The prevalence of overweight and obesity is increasing worldwide, and women are at higher risk compared with men. Findings from the Global Nutrition Report 2017 have shown that 54% of overweight/obese women are of childbearing age. Maternal obesity can lead to adverse maternal and fetal complications before, during and after pregnancy. Before pregnancy, obesity can reduce fertility and increase the time it takes to conceive. During pregnancy, women who are obese face greater risk of experiencing complications such as gestational diabetes, pre-eclampsia, early pregnancy loss, congenital fetal malformations and large for gestational age infants. After pregnancy, obese women are more likely to experience weight retention and a delay or failure to lactate. Researchers suggest that there are two main factors that may lead to overweight or obesity during childbearing age. The first is due to excessive gestational weight gain and postpartum weight retention, and the second is related to subtle changes in behavior or lifestyle—such as increased caloric intake, a less healthy diet and reduced physical activity—in the postpartum period.
Developing effective strategies to prevent excessive weight gain in women of childbearing age before, during and after pregnancy is critical to avoiding obesity-related maternal and newborn health issues. Before pregnancy, efforts should focus on weight management in adolescents and young women in general in the event that they become pregnant. During pregnancy, health care providers should offer recommendations and support for women to facilitate adequate gestational weight gain based on pre-pregnancy body mass index (BMI). A recent study from the United States found that less than 30% of women reported receiving weight gain recommendations during pregnancy, which is critical given other data reporting that nearly half of women in the country gain excessive weight during pregnancy.
After pregnancy, health care providers should give nutritional and physical activity advice, including breastfeeding support to improve the health of the newly delivered women. During the postpartum period and time between pregnancies, efforts are needed to measure weight and height not only in babies but also in mothers. It is vital to monitor postpartum women’s BMI and support them in maintaining a healthy weight. This will help ensure that women enter any subsequent pregnancies with an optimal weight and keep or adopt healthy behaviors for the long-term (i.e., following a healthy diet, getting regular physical activity and breastfeeding).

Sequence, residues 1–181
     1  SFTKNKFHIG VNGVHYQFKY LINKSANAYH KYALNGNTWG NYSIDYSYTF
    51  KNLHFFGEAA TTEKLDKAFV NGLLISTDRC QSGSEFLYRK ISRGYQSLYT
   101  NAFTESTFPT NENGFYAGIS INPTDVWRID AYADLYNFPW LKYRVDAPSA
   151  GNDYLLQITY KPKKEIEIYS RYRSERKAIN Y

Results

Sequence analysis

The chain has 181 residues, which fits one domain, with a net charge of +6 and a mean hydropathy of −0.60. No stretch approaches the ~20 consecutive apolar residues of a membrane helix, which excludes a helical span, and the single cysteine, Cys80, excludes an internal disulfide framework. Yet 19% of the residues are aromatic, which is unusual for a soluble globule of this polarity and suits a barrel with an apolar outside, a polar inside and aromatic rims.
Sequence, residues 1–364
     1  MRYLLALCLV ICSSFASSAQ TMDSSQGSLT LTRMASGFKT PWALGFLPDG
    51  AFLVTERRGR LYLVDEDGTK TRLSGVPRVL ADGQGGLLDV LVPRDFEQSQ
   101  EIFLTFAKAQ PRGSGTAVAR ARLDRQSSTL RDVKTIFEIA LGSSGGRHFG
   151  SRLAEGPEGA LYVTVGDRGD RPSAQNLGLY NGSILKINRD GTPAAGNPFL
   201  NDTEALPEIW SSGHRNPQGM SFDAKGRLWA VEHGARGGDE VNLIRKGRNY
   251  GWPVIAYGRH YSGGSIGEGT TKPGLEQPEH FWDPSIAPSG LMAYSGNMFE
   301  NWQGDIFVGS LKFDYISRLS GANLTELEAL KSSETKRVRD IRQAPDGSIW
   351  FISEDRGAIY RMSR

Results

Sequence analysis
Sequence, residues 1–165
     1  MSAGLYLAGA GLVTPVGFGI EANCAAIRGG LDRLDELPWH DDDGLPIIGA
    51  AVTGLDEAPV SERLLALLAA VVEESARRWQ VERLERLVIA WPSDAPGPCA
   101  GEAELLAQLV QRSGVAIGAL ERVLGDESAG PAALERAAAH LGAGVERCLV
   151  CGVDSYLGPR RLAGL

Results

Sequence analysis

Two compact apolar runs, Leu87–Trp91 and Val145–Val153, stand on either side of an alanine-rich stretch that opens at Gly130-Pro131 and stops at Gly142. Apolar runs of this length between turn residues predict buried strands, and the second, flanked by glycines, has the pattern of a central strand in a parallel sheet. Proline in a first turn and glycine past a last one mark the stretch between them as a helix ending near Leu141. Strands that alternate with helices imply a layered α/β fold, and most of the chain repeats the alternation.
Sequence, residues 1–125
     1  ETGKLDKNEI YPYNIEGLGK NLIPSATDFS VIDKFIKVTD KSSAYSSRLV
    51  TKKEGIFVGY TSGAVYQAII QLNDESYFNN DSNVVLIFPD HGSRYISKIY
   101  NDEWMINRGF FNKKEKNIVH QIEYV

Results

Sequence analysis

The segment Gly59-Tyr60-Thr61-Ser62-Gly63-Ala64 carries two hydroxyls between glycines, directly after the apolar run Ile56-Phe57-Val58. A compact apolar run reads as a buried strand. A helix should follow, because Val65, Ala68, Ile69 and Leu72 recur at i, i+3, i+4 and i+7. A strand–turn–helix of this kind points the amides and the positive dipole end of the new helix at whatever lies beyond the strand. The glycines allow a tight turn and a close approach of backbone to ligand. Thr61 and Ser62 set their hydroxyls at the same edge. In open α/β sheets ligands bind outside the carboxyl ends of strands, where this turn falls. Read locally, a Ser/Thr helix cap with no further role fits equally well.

Furthermore, it is important to consider weight change through childbearing years and examine weight beyond pregnancy when studying women’s risk factors for chronic diseases such as type 2 diabetes, hypertension and cancer because weight history may provide information beyond current weight. Established between 2006-2008, the Mexican Teachers’ Cohort (MTC) studies risk factors for chronic diseases—such as weight history, reproductive and lifestyle factors—to generate evidence for improving women’s health. The research team of the MTC is prospectively assessing the association between parity and lactation with long-term weight change to ascertain how these maternal factors alter women’s weight trajectories and to identify strategies for preventing excessive weight gain in women of childbearing age.
In the context of the global increase in obesity and other obesity-related diseases in women of childbearing age, there is an urgent call to health providers to spend more time assessing BMI, providing advice on optimal gestational weight gain, counselling on adequate interpregnancy intervals, supporting women who choose to breastfeed and to help them adopt healthy lifestyles during antenatal and postnatal care. Training providers in nutrition and weight-related counseling can have lasting improvements on both maternal and child health outcomes.
Learn more about maternal health and nutrition.
Watch experts discuss how pregnancy is a window of opportunity for improving health behaviors.
Browse other posts in the MHTF’s “Noncommunicable Diseases and Maternal Health” blog series.